In a press conference sponsored by 36 Egyptian human rights organizations this morning at the Cairo Institute for Human Rights Studies (CIHRS), the NGOs announced their condemnation of the fierce campaign waged by the government and the Supreme Council of the Armed Forces (SCAF) on civil society organizations and human rights groups.
Human rights organizations presented their statement at the press conference declaring their position towards these infringements, and voicing their demands to competent authorities, on top of which is the dismissal of the Minister of Solidarity Gouda Abdul-Khaliq and the Minister of International Cooperation Faiza Abul-Naga. The organizations further presented a complaint that they have raised to the relevant Special Rapporteurs of the United Nations and the African Commission for Human Rights in this regard.
The conference was attended by a large number of journalists, media professionals and artists concerned with the role of civil society in Egypt.
Mr. Bahey El-Din Hassan, director of the Cairo Institute for Human Rights Studies, presented the NGOs position towards the military council’s and the Egyptian government’s recent attacks against civil society, expressing resentment regarding the ways in which SCAF and the Cabinet have been dealing with these organizations recently. The statements highlighted the restrictions imposed on the activities of civil society organizations, and denounced accusations to NGOs of being foreign agents implementing foreign agendas. Such accusations are seen as a direct response to independent human rights organizations’ criticism of the human rights violations occurring in post-Mubarak’s Egypt.
Ahmed Ragheb, director of the Hisham Mubarak Law Center, declared that the number of military trials of civilians that were held since SCAF took office reached 12,000 for the past 6 months alone, noting that during the 30 years of Mubarak’s rule they were 10,000. He further stated that violations being committed now will dictate Egypt’s future and whether it would find its way towards a true transition to democracy or back to a situation worse than before.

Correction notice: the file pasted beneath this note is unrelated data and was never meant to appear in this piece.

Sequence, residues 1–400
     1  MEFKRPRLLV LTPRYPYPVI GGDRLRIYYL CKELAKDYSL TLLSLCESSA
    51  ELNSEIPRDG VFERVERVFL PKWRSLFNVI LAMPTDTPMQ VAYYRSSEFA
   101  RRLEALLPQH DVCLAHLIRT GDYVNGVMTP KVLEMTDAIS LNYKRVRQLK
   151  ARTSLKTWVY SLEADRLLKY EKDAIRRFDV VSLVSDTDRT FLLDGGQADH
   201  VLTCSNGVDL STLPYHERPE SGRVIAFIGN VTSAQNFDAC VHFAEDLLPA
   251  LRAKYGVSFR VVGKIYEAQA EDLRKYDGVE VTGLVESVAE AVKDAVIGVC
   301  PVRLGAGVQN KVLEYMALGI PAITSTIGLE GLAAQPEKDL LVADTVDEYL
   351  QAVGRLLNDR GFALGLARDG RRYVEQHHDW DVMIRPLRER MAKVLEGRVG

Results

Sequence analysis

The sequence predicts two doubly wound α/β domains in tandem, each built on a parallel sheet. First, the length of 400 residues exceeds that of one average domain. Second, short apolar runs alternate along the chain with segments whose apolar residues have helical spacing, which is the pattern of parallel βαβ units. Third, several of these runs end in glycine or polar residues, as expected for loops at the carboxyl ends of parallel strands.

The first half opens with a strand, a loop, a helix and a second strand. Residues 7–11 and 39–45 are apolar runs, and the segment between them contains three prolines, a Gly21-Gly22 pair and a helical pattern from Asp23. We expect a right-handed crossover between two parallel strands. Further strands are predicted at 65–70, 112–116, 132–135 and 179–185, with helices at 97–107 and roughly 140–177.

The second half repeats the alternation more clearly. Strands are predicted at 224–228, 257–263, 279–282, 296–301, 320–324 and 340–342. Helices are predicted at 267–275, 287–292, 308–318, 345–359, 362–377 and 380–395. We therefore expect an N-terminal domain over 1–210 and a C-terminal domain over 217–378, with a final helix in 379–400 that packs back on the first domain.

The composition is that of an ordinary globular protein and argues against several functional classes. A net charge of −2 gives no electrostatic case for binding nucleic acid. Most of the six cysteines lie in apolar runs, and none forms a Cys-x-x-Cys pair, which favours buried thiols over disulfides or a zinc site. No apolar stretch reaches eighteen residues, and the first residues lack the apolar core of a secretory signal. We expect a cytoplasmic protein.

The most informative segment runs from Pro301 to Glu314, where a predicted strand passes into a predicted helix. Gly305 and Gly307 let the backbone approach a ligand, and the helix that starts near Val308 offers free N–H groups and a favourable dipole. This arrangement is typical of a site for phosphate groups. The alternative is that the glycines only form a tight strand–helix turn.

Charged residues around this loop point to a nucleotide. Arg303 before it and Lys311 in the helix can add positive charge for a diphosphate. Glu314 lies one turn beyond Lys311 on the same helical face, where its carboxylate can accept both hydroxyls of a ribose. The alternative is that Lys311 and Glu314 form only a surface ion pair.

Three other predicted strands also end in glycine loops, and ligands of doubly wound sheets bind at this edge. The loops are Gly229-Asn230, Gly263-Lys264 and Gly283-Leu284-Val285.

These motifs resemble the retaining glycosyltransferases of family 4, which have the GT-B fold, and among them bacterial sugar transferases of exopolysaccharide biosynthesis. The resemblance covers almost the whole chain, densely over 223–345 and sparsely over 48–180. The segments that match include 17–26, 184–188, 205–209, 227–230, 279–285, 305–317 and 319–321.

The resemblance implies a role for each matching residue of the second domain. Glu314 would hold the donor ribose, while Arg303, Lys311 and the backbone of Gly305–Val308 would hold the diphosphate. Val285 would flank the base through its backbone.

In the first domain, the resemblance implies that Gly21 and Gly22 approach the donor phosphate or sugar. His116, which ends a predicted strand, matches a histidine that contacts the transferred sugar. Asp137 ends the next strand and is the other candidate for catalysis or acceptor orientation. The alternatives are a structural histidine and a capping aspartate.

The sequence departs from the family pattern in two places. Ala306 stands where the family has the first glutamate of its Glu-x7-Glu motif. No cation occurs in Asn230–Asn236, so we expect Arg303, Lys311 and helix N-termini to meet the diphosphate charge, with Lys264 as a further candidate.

Ahmed Fawzi, director of the Democracy Project at the Egyptian Association for Community Participation Enhancement, demanded an official apology from the government regarding the defamation campaign waged against civil society organizations, while Hafez Abu Saada, director of the Egyptian Organization for Human Rights, considered the position taken by SCAF and the Cabinet to be against the rule of law, stating that the such position is not new and was adopted by the government ever since the creation of human rights organizations in the eighties.
Khaled Ali, director of the Egyptian Center for Economic and Social Rights, stressed that the defamation campaign aims to silence civil society organizations in the leads up to SCAF’s seizing of power, stating his refusal to attempts made at monopolizing patriotism and defaming civil society actors who stood against Mubarak and the his policies of privatization of state institutions , as well as against military trials of civilians out of the belief that their primary mission is to protect the Egyptian people.
Negad El-Boraei, President of the United Group, referred to an alliance being built between the military council and fundamentalists to crush the calls made for a civil state.
Regarding steps taken by these organizations, Gamal Eid, director of the Arabic Network for Human Rights Information, said that the NGOs will not give up demanding legal accountability from the Cabinet and SCAF, with respect to the crimes committed against human rights.
In response to questions from the audience on the issue of funding, Hafez Abu Saada said that there are full bank statements detailing the transactions of a large number of organizations and revealing their accounts and funding.
Khaled Ali pointed out that the Ministry of Solidarity has no stance regarding the funding of such organizations, as the ministry does not take a decision on this matter before consulting with State Security authorities. He added that the problem for the government and the military council lies not in the funding, but rather the outcome of it, namely constant criticism of policies adopted and human rights violations committed by both the Cabinet and SCAF.